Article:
Residents of Stanford Pointe Still Displaced After Flooding - WMBB News 13 - The Panhandle's News Leader

Residents of Stanford Pointe Still Displaced After Flooding

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When the rain started, the water came pouring in for Stanford Pointe resident Sonia Boldan. The amount of which are hard to describe.

"Niagara falls," she said. "It was just a lot of water in a very short period of time."

During the flooding over the Fourth of July, it didn't take long for her apartment and others at the apartment complex to completely fill with water.

"Me and my twenty year old son are trying to get the flood gates up as the water is starting to come into the patio," said Boldan. "Fifteen minutes later water was coming over those flood gates."

Boldan left her home and possessions and waited for help, which she says didn't come until a day later--after a hotel room and money already spent.

"Several of the units got flooded," said Brittany Walsh with Royal American Management. "And several of the residents we had to put in hotels and on Friday we went in we had DRT, disaster restoration team, there."

Since then the restoration efforts began. The management company says they are working hard to get residents back in their homes.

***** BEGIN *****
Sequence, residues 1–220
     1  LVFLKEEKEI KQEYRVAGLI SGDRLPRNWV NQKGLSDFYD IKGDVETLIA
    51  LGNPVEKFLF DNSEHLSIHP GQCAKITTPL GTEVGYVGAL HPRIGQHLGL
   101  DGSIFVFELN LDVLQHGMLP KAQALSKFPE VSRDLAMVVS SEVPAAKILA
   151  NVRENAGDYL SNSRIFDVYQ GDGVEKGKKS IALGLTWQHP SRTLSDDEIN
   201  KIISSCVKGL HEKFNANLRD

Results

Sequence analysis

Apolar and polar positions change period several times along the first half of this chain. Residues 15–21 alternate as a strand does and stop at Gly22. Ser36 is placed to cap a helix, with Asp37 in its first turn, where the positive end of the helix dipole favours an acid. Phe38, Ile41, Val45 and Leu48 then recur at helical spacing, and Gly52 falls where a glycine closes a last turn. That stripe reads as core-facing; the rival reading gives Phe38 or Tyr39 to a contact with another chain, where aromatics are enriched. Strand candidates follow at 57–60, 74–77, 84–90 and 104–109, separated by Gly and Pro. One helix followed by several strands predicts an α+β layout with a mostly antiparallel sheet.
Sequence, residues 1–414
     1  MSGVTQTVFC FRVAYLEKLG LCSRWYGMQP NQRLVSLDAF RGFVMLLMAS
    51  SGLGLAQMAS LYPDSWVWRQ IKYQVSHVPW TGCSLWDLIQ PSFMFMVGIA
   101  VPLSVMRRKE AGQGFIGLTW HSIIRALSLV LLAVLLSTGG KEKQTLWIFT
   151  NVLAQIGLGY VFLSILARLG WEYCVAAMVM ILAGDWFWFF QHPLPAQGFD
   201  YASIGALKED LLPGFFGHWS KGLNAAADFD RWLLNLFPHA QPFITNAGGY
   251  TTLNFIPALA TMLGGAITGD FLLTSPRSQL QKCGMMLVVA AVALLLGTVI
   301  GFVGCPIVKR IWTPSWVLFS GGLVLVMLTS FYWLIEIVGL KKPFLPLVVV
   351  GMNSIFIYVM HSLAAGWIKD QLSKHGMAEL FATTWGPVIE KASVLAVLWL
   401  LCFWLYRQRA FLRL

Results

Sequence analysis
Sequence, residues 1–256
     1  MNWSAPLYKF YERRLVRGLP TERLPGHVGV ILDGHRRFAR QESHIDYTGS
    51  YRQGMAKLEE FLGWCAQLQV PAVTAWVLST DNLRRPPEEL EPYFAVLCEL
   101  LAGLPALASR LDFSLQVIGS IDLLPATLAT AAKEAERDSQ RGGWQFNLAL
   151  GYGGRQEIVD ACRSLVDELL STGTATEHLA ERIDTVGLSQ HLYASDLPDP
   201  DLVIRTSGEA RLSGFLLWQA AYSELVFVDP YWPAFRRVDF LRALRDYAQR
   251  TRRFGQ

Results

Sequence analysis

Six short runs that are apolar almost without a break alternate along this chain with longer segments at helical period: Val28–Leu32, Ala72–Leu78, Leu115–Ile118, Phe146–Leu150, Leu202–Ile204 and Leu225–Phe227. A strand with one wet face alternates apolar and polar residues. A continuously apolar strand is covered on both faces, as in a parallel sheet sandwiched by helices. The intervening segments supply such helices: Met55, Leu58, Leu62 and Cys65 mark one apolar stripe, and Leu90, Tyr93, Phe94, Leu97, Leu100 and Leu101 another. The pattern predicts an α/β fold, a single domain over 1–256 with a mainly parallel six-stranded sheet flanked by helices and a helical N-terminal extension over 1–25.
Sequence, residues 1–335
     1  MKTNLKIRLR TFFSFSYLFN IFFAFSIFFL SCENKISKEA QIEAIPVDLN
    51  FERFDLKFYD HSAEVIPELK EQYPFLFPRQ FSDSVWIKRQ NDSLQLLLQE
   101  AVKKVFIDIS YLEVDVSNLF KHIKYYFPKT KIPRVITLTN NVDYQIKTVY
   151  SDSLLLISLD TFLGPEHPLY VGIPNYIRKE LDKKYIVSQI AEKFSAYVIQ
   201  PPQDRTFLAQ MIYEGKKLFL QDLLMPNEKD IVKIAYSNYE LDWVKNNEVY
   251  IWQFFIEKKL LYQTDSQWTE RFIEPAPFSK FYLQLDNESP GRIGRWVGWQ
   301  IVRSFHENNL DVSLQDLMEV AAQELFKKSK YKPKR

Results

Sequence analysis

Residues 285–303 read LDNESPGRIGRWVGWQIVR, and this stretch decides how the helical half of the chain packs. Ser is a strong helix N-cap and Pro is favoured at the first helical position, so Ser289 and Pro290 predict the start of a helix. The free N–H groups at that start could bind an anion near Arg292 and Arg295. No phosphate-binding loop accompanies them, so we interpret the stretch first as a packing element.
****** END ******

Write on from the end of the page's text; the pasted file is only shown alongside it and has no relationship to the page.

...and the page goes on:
"Getting the carpets out, the padding out,  they extracted the water," said Walsh. "[They replaced] sheet rock, they put the commercial grade drying units in there."  

The company says they are trying to maintain communication with displaced residents. Reassuring them their food and board will be paid for. But Boldan says it's much too little too late.

"I think they should care more, I think they should have jumped on it sooner, I think they should have been more compassionate, I think they shouldn't have been so negligent and non-caring about placing our personal items, and leaving the building unsecured where stuff could be stolen out of my unit," said Boldan.

While she was able to salvage some of her belongings, Boldan says it's the little things she won't be able to replace.

"You'll never get them back," she said. "All you'll have left is your memories of it and that's it."  

But there's no where to go but up as she tries to keep her head, this time, above water.

"So, I'm going to try to salvage what I can," said Boldan. "I have to go through that storage unit and start over.

"And it won't be on the bottom floor in an apartment complex that floods."

Royal American says it will be two to five weeks before residents will be able to return to their homes.